Theater Reviews



Longacre Theatre, New York
Runs indefinitely

When "Talk Radio" debuted off-Broadway some 20 years ago, it seemed an ideal starring vehicle for its author, Eric Bogosian. The performer, famed for his multicharacter solo pieces, created an indelible character for himself in the form of Barry Champlain, the venom-spewing talk show host presiding over an on-air forum seemingly populated solely by lunatics, eccentrics and hate mongers.

For the current Broadway revival that has been tautly staged by director Robert Falls, Liev Schreiber fills his predecessor's shoes in virtuosic fashion. If the Tony-winning actor doesn't quite possess a voice comparable to Bogosian's (which manages to ooze contempt with every syllable), he conveys in riveting fashion his character's loathing for everyone, including his listeners, colleagues -- and himself.

The play itself, also the inspiration for a fleshed-out 1988 film version directed by Oliver Stone, proves less interesting with successive exposure. Although populated by numerous supporting characters -- including Barry's exasperated station manager (Peter Hermann), his producer and occasional lover (Stephanie March, formerly of "Law & Order: SVU"), his pot-smoking call screener (Michael Laurence) and a particularly drug-addled caller (Sebastian Stan) who drops by the station -- it is largely a one-man show consisting of Barry's often hostile interactions with a variety of usually whacked-out listeners.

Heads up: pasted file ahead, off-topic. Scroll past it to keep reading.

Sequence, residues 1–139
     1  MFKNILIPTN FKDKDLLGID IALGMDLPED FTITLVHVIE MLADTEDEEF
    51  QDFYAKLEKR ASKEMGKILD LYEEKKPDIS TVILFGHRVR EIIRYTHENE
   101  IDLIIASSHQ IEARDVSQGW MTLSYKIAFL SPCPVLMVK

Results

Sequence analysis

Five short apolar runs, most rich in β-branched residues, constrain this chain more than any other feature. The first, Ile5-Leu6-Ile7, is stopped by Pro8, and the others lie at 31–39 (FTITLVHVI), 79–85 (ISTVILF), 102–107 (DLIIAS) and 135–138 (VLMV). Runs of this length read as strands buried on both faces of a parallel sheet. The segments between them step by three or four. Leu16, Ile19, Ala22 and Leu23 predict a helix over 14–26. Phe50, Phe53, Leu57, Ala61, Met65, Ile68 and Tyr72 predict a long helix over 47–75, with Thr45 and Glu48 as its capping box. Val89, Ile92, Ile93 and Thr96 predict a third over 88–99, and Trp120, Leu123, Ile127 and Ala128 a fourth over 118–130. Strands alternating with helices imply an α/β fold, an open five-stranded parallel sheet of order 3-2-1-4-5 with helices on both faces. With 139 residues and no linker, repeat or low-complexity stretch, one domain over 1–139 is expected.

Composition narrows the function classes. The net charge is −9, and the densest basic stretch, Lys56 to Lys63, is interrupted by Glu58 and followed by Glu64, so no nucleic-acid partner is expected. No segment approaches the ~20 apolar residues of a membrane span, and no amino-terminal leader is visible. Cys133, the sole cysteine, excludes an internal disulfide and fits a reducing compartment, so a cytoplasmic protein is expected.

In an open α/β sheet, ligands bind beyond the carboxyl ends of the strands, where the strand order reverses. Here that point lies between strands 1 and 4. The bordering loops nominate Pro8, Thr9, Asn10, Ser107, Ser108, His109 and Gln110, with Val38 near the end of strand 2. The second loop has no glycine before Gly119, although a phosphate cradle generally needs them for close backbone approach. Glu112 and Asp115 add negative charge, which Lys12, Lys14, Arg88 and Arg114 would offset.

These include a desperate pregnant teenager, a disabled veteran, an anti-nuclear activist, a woman who claims to be afraid of her own garbage and a vicious anti-Semitic ranter whose threat of having sent a homemade bomb to the station forms one of the play's more harrowing plot elements.

The play's main if rather contrived plot device has to do with Barry's show -- the appropriate musical theme of which is "Bad to the Bone" -- possibly being picked up for national distribution, with all the marbles riding on his performance this one particular evening.

Even running a compact and intermissionless 100 minutes, the evening ultimately proves overlong and repetitive, though the pungency of Bogosian's dialogue captures, albeit in stylized form, the emotional hysteria of its milieu. Sadly, even 20 years later, the play remains no less relevant.

Presented by Jeffrey Richards, Jerry Frankel, Jam Theatricals, Francis Finlay, Ronald Frankel, James Fuld Jr., Steve Green, Judith Hansen, Patty Ann Lacerte, James Riley, Mary Lu Roffe/Mort Swinsky, Sheldon Stein, Terri & Timothy Childs/Stylefour Prods. and Irving Welzer/Herb Blodgett
Playwright: Eric Bogosian
Created for the stage by: Eric Bogosian and Tad Savinar
Director: Robert Falls
Set designer: Mark Wendland
Costume designer: Laura Bauer
Lighting designer: Christopher Akerlind
Sound designer: Richard Woodbury
Barry Champlain: Liev Schreiber
Linda MacArthur: Stephanie March
Dan Woodruff: Peter Hermann
Stu Noonan: Michael Laurence
Kent: Sebastian Stan
Rachel/Female Callers: Christine Pedi
Dr. Susan Fleming/Female Callers: Barbara Rosenblat
Sid Greenberg/Male Callers: Adam Sietz
Vince Farber/Male Callers: Marc Thompson
Spike: Kit Williamson
Bernie/Male Callers: Cornell Womack
Jordan Grant/Female Caller: Christy Pusz